Delete
  32. william, the first Bard's Tale I think is a decent game if you don't mind (and even better if you enjoy!) somewhat-repetitive hack-and-slash.

    As someone with fond memories of Bard's Tale myself, I had fun during my own playthrough last year but got bogged down about halfway through BT2 when the combat became too broken and frustrating.

    ReplyDelete
    Replies
    1. I have never had any real desire to play any of the other Bard's. And after reading our friend the Addict's thoughts of the two games, I don't think I ever will try the other two. Nut I will ever bask in the warm glow of my memories of BT1.

      Delete
  33. Sucks to hear about your laptop: I hope you enjoyed your visit to my country though.

    ReplyDelete
    Replies
    1. I was in Vancouver. It rained a lot.

      Delete
    2. Hehe, that sounds like Vancouver during spring. I'm considering moving there actually. Personally, I like my fish cooked, but hey, each to their own, and yes, it does have great fish.

      Delete
    3. Damn! I'm in Vancouver. I would have bought you a drink had I known.

      Delete
    4. I see that 20 (20,1,0-good/bad/meh) people have voted that it was a good thing that the gimlet disaster happened, or perhaps they're voting about the writing ability of the post, how good it was written. Iduno, maybe I've misunderstood the whole thing, I usually vote good/bad/meh on the merits of the game, but maybe it's the blog post itself I should be voting on. #imanoob

      Delete
    5. Ha! my home town!

      Delete
    6. I was technically in Surrey. Not quite as much to do there.

      I should get rid of those good/bad/meh boxes. I only ever had them because I was playing around with Blogger's options. But they're rather useless as a feedback mechanism (especially since you can vote multiple times) and for some reason Blogger keeps clearing them for older postings.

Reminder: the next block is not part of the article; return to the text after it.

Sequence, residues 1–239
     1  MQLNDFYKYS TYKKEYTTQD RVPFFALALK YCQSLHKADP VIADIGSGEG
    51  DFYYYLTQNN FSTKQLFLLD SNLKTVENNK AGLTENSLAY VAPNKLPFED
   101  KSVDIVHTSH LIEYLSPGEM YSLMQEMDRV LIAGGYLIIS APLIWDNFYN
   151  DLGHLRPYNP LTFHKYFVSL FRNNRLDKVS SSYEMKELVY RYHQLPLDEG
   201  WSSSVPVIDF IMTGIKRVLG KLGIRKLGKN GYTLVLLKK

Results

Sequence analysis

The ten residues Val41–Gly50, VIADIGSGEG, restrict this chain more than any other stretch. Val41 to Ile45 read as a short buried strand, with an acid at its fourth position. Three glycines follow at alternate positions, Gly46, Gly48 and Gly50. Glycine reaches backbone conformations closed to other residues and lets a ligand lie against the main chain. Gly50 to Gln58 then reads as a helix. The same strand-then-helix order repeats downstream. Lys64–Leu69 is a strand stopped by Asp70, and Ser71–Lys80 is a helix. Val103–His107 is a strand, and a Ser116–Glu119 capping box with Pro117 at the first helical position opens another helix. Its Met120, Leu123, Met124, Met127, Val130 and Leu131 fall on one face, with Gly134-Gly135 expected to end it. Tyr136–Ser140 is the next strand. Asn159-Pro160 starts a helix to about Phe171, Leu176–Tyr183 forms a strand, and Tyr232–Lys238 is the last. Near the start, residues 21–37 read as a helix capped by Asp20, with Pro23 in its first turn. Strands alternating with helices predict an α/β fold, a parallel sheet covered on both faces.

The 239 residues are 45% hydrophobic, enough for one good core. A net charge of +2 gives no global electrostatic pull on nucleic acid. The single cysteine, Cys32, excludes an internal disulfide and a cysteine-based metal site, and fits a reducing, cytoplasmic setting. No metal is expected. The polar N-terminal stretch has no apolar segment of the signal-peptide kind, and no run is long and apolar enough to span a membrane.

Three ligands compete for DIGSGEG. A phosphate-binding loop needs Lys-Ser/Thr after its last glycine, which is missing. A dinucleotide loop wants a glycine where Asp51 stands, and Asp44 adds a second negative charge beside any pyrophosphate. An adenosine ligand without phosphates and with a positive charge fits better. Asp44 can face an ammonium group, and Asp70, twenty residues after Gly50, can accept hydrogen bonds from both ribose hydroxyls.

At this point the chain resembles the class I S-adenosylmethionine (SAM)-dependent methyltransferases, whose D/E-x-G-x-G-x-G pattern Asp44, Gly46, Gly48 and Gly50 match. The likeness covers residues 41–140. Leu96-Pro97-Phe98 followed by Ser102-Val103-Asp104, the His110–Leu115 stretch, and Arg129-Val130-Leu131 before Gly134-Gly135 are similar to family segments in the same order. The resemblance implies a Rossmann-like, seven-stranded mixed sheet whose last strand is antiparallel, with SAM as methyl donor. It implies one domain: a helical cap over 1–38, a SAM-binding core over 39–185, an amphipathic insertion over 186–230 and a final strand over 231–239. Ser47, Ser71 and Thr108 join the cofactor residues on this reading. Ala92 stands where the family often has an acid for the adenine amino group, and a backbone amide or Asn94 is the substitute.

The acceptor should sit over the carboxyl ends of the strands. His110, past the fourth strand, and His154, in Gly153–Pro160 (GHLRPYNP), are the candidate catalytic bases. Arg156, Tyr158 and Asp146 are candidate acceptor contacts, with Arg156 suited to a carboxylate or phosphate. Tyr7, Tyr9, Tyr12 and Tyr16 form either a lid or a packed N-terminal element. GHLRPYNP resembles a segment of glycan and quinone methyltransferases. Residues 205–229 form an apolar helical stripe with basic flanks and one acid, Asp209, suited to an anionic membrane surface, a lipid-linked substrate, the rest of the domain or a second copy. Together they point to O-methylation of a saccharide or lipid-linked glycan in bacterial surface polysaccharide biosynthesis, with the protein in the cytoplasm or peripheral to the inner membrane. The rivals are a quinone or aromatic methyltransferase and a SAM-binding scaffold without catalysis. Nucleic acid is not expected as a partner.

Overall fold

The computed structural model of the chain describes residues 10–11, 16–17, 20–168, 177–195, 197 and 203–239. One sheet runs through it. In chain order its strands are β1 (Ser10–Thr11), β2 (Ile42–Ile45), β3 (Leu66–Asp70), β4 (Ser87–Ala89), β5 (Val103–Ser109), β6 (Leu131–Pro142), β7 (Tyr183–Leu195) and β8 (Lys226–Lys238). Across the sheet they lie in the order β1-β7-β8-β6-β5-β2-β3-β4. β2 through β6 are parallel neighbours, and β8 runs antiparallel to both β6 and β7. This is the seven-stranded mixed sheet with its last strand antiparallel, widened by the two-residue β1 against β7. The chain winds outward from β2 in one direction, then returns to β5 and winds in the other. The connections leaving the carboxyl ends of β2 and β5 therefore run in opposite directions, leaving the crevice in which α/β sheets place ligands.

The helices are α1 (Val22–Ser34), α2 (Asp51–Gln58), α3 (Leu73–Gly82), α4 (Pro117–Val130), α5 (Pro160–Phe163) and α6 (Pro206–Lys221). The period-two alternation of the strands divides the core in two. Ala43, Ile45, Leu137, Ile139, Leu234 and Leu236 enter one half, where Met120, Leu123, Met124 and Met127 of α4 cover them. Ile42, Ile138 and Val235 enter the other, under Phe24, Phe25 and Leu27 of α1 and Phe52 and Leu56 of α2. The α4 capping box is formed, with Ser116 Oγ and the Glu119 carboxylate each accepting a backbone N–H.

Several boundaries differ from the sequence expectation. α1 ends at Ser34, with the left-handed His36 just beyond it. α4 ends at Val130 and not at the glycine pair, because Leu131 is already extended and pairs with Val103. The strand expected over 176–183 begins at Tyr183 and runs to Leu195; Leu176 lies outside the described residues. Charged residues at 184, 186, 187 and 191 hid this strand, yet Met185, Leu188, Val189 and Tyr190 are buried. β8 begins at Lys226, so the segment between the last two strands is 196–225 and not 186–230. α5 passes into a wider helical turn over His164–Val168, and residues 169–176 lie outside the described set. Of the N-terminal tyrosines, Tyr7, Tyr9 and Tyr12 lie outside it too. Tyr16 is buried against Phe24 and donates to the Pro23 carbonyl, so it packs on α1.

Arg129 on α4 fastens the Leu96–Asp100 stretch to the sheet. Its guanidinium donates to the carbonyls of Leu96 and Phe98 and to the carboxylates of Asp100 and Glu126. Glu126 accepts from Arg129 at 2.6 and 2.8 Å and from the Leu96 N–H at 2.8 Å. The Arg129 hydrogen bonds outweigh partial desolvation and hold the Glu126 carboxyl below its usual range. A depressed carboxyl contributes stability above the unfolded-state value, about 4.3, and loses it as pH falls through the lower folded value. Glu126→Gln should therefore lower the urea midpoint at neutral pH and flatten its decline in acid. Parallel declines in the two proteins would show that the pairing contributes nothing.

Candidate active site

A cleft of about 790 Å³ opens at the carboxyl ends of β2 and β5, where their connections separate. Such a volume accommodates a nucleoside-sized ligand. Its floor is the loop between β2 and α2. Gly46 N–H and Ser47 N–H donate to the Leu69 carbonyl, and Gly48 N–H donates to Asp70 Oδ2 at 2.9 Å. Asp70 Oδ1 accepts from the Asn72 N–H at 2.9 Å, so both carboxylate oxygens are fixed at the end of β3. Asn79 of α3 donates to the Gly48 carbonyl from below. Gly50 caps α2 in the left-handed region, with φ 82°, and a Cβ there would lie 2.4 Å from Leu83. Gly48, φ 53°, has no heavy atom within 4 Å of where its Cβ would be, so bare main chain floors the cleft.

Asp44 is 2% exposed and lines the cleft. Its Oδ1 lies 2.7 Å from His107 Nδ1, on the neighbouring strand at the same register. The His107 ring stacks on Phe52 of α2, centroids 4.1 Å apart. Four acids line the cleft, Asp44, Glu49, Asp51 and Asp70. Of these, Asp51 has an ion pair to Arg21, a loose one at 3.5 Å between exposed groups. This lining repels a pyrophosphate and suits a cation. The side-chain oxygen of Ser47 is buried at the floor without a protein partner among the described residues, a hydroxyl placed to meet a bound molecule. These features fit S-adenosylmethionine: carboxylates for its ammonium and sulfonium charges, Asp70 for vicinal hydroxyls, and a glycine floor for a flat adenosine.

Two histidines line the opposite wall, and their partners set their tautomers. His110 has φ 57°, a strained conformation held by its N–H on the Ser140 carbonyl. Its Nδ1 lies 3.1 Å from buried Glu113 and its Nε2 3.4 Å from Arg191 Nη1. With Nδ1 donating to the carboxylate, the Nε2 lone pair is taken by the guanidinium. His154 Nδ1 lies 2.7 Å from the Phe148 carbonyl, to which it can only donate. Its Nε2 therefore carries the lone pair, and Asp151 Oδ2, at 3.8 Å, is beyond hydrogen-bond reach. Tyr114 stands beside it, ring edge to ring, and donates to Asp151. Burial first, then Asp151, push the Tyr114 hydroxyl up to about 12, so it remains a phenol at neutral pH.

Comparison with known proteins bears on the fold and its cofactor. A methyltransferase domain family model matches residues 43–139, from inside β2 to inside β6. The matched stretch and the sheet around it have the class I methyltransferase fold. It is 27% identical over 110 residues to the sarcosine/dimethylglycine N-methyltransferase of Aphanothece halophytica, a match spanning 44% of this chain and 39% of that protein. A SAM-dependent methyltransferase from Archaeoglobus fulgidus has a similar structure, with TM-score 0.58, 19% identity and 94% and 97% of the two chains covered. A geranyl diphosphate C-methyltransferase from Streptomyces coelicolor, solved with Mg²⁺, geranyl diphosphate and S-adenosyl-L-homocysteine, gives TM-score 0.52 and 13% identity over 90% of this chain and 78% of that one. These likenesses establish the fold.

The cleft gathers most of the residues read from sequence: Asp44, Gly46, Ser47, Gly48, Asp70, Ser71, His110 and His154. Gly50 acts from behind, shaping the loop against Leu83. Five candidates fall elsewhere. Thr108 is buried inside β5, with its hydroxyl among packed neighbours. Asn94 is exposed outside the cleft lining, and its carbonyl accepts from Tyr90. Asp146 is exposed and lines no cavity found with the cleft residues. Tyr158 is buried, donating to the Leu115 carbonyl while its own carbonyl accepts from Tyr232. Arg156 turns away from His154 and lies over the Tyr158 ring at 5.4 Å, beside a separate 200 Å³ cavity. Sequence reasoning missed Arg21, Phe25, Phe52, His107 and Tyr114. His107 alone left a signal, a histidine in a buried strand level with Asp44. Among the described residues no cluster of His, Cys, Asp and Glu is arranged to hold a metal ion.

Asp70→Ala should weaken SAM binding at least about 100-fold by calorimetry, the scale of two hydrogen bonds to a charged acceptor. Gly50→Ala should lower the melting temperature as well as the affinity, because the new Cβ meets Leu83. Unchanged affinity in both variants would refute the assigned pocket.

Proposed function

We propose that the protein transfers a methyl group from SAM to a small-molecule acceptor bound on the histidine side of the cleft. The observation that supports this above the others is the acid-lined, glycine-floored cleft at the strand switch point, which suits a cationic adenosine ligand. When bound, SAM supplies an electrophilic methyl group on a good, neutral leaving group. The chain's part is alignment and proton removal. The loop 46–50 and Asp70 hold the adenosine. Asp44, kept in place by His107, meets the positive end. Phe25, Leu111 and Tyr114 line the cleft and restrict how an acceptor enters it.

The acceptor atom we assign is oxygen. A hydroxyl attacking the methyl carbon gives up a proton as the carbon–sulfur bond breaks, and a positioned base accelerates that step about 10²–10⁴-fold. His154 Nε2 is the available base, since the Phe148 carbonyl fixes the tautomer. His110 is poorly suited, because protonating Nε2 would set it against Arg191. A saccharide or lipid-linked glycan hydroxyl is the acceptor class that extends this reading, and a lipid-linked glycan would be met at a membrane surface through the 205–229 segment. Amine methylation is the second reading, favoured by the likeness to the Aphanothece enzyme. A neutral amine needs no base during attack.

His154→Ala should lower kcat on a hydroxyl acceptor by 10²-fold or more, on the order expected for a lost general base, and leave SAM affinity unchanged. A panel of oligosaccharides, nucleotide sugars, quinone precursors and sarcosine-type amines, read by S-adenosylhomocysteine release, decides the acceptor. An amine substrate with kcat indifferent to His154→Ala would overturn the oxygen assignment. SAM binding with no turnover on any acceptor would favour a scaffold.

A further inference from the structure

Delete
  34. I vote based on how much I enjoy reading the blog post. For the CRPG Addict blog of course I am always voting good.

    Too bad you've apparently left Vancouver, today is a beautiful day, the kind of day that makes me glad to live in Vancouver. But the previous few weeks have been typical Vancouver spring weather, some rain, mostly cloudy days.

    ReplyDelete
    Replies
    1. I had a nice day the last day. Took Chuckanut Drive back down in Washington, which was lovely. I've done the Seattle-Vancouver route eight times, but always on the highway before. Someone should have told me how beautiful the coast was.

      Delete
  35. Well, I finally caught up. I started reading this right after the Game Informer interview, and finally arrived here. I've been loving the writing so far. Very funny, and informative. Keep it up!

    ReplyDelete

I welcome all comments about the material in this blog, and I generally do not censor them. However, please follow these rules:

1. Do not link to any commercial entities, including Kickstarter campaigns, unless they're directly relevant to the material in the associated blog posting. (For instance, that GOG is selling the particular game I'm playing is relevant; that Steam is having a sale this week on other games is not.) THIS ALSO INCLUDES USER NAMES THAT LINK TO ADVERTISING.

2. Please avoid profanity and vulgar language. I don't want my blog flagged by too many filters.

3. Please don't comment anonymously. It makes it impossible to tell who's who in a thread. Choose the "Name/URL" option, pick a name for yourself, and just leave the URL blank.

Also, Blogger has a way of "eating" comments, so I highly recommend that you copy your words to the clipboard before submitting, just in case.

NOTE: Spam has gotten so bad lately that I've had to turn on comment moderation for posts older than 10 days. I apologize if it takes a little while for your comment to appear.